My experience on this field school that took place in Anadarko, Oklahoma, was really interesting. I went into it with an interest in linguistic anthropology and language in general, so I knew that I wanted to study the languages of the tribes we were studying. About a week and a half in, I noticed a reoccurring theme that the languages were struggling, especially Kiowa. However, there were a number of programs within the schools and community that were dedicated to teaching the Kiowa language. This became my project: preservation of the Kiowa language.
Besides learning about the language, we also experienced many things in the area. We attended a multi-tribal powwow, the annual Kiowa Gourd Clan Ceremonial, a meeting for the Comanche Indian Veterans Association (CIVA), trips to museums, seeing the Washita Massacre site, participating in a Sweat Lodge, watching an Osage dance, being dressed in traditional Kiowa clothing by our host family, putting up tipis, all along with doing about 25 interviews. Although we were able to participate in so many unique and wonderful events, three of them particularly come to mind.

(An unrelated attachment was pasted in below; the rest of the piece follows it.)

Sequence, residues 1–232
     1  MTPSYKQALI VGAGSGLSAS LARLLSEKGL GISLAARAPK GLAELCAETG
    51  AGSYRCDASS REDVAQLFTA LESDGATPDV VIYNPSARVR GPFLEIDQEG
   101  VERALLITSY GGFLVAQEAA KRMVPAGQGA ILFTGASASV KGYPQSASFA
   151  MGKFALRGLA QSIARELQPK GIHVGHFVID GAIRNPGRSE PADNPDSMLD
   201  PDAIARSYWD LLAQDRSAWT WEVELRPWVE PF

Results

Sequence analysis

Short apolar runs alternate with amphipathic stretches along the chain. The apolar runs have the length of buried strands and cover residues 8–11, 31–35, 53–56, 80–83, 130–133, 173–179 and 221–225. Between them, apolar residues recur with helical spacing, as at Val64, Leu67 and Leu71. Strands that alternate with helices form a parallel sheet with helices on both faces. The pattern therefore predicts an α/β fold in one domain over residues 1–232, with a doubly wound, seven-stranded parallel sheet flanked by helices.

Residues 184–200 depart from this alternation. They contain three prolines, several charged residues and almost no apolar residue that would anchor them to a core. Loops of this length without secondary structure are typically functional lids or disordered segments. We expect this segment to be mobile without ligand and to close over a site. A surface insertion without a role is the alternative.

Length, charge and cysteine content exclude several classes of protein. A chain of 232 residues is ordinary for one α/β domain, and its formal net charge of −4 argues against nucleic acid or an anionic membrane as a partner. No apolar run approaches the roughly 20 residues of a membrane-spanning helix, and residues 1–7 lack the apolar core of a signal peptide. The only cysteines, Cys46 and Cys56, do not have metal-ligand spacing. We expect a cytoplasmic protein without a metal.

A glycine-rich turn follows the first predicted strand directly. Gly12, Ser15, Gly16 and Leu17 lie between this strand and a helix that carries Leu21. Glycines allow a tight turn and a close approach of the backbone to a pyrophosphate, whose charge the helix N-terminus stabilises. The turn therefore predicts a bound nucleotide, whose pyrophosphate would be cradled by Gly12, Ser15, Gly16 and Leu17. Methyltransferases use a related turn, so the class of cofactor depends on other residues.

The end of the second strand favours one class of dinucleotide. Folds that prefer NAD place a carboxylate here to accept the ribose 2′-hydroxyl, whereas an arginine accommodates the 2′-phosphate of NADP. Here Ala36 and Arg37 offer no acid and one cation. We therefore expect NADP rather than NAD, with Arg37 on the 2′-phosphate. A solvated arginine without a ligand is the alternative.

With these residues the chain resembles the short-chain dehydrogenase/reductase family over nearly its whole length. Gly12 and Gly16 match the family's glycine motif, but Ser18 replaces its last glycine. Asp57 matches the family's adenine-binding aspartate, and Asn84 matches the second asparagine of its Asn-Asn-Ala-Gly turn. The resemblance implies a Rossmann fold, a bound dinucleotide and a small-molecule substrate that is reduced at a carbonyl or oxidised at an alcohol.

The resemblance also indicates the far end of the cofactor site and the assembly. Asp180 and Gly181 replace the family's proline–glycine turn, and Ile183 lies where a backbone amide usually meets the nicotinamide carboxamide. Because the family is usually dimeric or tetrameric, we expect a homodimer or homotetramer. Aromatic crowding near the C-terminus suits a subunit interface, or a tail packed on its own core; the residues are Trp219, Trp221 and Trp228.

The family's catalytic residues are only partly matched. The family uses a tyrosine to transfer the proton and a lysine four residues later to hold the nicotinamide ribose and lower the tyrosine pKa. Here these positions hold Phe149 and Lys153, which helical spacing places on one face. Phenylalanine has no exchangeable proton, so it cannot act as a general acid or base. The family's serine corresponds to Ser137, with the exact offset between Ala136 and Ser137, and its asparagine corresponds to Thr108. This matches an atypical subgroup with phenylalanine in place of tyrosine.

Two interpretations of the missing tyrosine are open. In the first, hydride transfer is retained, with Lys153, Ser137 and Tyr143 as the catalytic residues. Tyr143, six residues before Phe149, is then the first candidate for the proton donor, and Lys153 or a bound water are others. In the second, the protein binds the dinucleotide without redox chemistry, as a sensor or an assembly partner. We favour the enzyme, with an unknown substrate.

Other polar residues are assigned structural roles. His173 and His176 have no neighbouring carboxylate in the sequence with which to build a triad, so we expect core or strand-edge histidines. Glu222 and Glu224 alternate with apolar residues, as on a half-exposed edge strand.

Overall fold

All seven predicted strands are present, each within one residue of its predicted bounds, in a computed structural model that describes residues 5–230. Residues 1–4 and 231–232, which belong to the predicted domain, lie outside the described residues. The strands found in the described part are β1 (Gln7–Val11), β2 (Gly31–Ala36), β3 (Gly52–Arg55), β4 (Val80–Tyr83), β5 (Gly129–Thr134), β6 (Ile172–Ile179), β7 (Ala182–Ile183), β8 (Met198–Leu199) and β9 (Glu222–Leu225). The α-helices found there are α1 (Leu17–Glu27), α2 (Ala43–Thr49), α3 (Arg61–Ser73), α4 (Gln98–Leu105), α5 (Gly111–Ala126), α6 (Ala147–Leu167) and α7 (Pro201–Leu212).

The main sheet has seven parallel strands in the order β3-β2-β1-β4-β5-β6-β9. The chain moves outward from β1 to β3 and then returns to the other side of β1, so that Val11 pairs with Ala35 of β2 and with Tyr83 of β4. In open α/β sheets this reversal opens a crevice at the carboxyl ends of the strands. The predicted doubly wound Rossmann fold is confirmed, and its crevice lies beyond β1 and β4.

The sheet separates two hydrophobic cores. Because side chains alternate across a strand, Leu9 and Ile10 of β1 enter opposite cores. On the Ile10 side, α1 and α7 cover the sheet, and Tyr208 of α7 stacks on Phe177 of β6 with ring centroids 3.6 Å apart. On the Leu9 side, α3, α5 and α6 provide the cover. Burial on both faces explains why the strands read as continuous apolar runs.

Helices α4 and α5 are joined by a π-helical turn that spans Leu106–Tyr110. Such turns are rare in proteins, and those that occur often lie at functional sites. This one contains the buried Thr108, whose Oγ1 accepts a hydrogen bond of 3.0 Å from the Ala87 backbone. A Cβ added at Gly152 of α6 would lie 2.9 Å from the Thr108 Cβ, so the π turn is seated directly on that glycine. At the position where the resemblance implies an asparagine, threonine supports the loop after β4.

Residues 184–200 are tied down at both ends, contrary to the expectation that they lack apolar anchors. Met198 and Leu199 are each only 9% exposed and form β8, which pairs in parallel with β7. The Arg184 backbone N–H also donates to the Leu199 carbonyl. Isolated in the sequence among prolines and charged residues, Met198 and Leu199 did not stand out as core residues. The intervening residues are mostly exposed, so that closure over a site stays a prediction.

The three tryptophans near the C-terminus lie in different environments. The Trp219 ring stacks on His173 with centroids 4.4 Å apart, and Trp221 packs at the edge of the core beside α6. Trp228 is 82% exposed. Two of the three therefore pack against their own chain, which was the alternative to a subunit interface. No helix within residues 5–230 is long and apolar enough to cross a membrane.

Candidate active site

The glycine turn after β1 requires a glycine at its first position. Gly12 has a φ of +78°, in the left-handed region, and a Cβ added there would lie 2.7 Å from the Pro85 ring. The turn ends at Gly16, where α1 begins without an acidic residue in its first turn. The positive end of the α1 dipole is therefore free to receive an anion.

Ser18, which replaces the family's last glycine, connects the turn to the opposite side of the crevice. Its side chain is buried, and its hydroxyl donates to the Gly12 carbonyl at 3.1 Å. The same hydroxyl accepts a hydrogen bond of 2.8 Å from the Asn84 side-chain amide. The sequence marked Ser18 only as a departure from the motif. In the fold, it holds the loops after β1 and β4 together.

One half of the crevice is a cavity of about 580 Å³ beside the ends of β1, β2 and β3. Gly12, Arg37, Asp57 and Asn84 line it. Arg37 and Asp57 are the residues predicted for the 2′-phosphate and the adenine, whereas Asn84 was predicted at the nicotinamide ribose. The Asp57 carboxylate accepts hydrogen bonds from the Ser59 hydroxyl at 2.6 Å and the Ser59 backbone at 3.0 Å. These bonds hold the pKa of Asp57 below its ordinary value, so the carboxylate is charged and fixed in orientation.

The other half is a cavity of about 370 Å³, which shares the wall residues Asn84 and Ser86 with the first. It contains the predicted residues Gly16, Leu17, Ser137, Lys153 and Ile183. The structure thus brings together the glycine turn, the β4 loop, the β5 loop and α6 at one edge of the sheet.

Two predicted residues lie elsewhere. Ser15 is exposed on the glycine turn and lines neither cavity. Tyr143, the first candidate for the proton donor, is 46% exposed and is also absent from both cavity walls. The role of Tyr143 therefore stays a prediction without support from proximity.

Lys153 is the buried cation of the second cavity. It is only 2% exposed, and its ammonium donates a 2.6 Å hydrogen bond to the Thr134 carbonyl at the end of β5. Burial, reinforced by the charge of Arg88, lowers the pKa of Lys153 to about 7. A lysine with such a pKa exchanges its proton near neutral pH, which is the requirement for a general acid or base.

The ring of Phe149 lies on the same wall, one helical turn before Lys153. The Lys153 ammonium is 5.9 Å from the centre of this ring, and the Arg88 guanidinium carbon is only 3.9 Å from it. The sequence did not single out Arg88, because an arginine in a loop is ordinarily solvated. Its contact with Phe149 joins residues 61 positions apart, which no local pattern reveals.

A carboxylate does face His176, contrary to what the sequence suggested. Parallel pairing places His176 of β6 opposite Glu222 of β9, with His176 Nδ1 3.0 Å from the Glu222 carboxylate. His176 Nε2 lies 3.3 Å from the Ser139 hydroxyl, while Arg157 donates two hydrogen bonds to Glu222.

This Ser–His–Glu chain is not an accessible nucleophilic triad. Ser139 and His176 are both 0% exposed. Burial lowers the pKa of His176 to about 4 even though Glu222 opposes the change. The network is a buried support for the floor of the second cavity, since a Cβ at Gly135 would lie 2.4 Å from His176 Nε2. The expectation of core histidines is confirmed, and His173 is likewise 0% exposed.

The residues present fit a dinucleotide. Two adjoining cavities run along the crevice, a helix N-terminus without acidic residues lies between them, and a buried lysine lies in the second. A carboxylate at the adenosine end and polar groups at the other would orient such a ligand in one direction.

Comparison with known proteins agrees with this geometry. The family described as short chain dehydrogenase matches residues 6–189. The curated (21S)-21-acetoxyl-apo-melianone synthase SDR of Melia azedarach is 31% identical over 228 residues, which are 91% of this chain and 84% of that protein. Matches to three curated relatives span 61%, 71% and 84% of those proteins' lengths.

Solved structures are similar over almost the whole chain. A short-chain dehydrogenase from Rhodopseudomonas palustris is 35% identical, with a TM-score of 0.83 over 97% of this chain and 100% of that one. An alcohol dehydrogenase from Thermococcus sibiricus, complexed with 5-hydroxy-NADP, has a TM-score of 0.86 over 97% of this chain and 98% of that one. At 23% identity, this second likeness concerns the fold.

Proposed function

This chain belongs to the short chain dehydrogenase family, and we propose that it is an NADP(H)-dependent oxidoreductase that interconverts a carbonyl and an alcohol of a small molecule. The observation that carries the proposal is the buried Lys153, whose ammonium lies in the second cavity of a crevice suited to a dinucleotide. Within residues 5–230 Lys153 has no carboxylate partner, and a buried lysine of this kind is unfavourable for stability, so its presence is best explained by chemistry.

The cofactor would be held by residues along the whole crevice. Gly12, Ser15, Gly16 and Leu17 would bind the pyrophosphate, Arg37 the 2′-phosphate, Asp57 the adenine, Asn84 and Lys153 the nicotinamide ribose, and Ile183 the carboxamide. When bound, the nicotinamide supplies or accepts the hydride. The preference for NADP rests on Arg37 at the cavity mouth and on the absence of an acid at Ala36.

The first was the intertribal powwow that we watched. The powwow took place near Anadarko, but was held on the Wichita dance grounds. It was sponsored by a single family, but it was open to anyone who wanted to attend. The powwow was also a dance competition, so we were able to see and hear many different dances and songs, my favorite of which was the fancy dancing. This was also very significant to me, as it was one of the first cultural events we were able to attend and it was so inviting to the culture.
The next was being able to participate in the Sweat Lodge. Not only were we able to experience being in the Sweat Lodge, we also helped our host family to set the lodge up. Once the lodge was built, our host brother, Gabriel, guided our experience inside. This experience was something I will remember for the rest of my life, and is my favorite thing we did on the trip.
The last thing was our host family dressing us in traditional clothing. This was something that they had never done before and it was very special to be allowed to do. They helped us to pick out the garments that would fit and helped us to put them on properly. They even allowed us to hold the feather fans. We were able to take pictures, which I’m sure myself and the other students will keep forever.
Overall, my experience was absolutely amazing. From studying the language, to going to all the cultural events, to meeting our amazing host family, this field school truly showed me what a life in anthropology will be like.